Montserrat Volcano Observatory, Montserrat, West Indies

Scientific Report 70
02 August 1997

This report covers the 14 day period from 0:00 on 20 July to 24:00 (local time) on 2 August.


The activity at the start of this reporting period was low, but on 31 July there was a marked increase in seismic activity with near continuous tremor recorded from 3:30 am through to 1 August. There was a resumption of hybrid earthquake swarms on 1 August, and these were generally followed by a period of more intense pyroclastic flow activity.

Visual Observations

The level of volcanic activity was relatively low during the start of this period with rockfalls and small pyroclastic flows. Activity was concentrated in Mosquito Ghaut and Gages valley, with the upper parts of the valleys being progressively filled up. Helicopter observations on the 17th and 24th showed a marked filling of the upper regions of the Gages Valley from little material deposited at all, to scree covering the Gages Wall completely. Incandescent chutes observed on 22nd above Gages and Mosquito confirmed that growth continued to be in this area of the dome. There were occasional rockfalls in the Tar River, Tuitt's and White River area. The latter area originated from the very steep wall of old dome material that has been over Galways Wall since May, rather than from new growth.

Activity increased towards the end of July, with more rockfalls and small pyroclastic flows on the northern flanks, and one reaching Gages Lower Soufriere on 29th July. On 31st July activity was elevated, with semi-continuous production of ash plumes, the most vigorous of which reached over 15,000 feet asl. This activity continued throughout the day, and did not seem to be associated with significant pyroclastic flow activity. Following this episode there was little evidence of large volumes of new deposits around the volcano, although some new flows had reached as far as Gages Lower Soufriere, and views of a small amphitheatre-like scoop out of the dome above Gages were glimpsed from the helicopter. The activity was attributed to semi-continuous rockfalls above the Gages Wall area.

Activity remained elevated to the end of the reporting period with weakly convecting ash plumes and several periods of intense rockfall and pyroclastic flow activity in the Gages Valley.

Temperatures of >640?C were measured at 1.8m depth in the Trants area of the 25th June pyroclastic flow deposits on 21st July.


The first 11 days of the reporting period were dominated by rockfall signals. These rockfalls showed no particular periodicity and there were no pronounced variations in their amplitudes. On the 31st July, however there was a marked change in seismic activity. Starting at 3am and peaking at approximately 2:30 pm a continuous high amplitude, high frequency signal was recorded, which lasted into the next day. In character this signal was identical to those normally associated with pyroclastic flows but no large flows were observed, just a high level of ash emission. In this period a number of bangs were heard coming from the volcano - in at least one case a bang was correlated with an impulsive signal recorded on the broadband seismometers and explosive activity was surmised. A new sequence of hybrid swarms started on the 1st and 2nd of August but by the end of the reporting period no clear cycle had developed in the timing of the swarms. Pyroclastic flow and rockfall activity occurred towards the end of each hybrid swarm.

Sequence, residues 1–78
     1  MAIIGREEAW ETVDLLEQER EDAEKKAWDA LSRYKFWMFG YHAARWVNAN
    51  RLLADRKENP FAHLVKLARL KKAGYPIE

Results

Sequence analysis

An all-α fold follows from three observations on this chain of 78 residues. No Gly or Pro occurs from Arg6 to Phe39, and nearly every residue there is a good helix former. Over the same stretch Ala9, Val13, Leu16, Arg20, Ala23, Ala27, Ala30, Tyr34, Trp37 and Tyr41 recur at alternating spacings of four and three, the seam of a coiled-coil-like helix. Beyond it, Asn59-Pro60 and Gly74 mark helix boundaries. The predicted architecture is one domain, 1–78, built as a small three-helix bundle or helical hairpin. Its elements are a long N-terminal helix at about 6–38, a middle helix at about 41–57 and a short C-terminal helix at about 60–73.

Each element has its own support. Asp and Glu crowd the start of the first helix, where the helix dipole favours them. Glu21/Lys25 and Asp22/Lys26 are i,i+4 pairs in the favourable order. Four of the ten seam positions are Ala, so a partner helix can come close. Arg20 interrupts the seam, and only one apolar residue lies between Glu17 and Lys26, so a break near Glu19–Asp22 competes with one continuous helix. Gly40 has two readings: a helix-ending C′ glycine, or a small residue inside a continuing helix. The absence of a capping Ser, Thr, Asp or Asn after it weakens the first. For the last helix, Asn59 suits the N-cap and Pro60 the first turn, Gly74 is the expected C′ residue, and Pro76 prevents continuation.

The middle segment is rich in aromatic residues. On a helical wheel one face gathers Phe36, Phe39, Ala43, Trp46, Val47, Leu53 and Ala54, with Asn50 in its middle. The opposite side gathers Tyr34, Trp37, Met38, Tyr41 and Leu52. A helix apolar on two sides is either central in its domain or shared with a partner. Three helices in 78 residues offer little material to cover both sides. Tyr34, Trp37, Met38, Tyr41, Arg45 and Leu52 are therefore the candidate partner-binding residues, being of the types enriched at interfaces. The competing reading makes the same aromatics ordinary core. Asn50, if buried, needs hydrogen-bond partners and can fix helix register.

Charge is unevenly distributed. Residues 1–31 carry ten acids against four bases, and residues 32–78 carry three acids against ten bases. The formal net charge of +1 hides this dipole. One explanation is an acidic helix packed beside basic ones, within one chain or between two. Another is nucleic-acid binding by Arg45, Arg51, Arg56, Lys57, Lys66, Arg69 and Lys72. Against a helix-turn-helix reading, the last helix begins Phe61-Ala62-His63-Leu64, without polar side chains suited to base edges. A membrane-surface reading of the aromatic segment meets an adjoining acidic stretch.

Table 1: Earthquake types

These earthquake counts are of events that triggered the broadband network's event recording system between 0000 and 2400 each day (local time).

Date		VT	Hybrid	LP	Dome RF	LPRF*	HYRF*
20 July 97	1	0	2	31	0	0
21 July 97	1	0	5	55	1	0
22 July 97	0	0	4	33	0	0
23 July 97	1	0	3	77	2	0
24 July 97	0	0	0	64	0	0
25 July 97	0	0	2	117	1	0
26 July 97	0	0	2	134	0	0
27 July 97	0	0	6	91	2	0
28 July 97	0	0	1	106	0	0
29 July 97	0	0	4	161	2	0
30 July 97	1	0	8	129	6	0
31 July 97	0	8	23	212	6	0
1 Aug 97	1	73	5	61	2	0
2 Aug 97	0	107	6	53	3	0

* LPRF: LP earthquake followed by rockfall signal. HYRF: Hybrid earthquake followed by rockfall signal. The LPs, hybrids and rockfalls in these signals are also counted in their respective columns.

Ground Deformation

Three occupations of the GPS network LEESNET were made during this reporting period. It is still too early to discern any clear trends in the data.

EDM occupations were carried out on the Lee's Yard Quadrangle involving Water Works - Lee's Yard, MVO - Lee's Yard, Garibaldi Hill - Lee's Yard and MVO - Garibaldi Hill. All the slant distances are generally stable. However there have been some erratic spikes on the slant measurements from Water Works to Lee's Yard. It is currently not known whether these represent real elastic ground deformation or not. Further occupations are planned to investigate this phenomenon.

Volume Measurements No dome volume measurements were possible during this period due to poor visibility, and no deposit volumes were attempted.

Environmental Monitoring No rainwater, ash samples or gas samples were collected during this period.

MVO Staff Changes
Prof. Tim Druitt, University of Clermont-Ferrand
Dr. Richard Herd, British Geological Survey
Ms. Costanza Bonadonna, Bristol University

Keith Rowley, Independent
Dr. Maggie Mangan, US Geological Survey, Hawaiian Volcano Observatory
Mr. Rob Watts, Independent

Prof. Barry Voight, Penn State University

Montserrat Volcano Observatory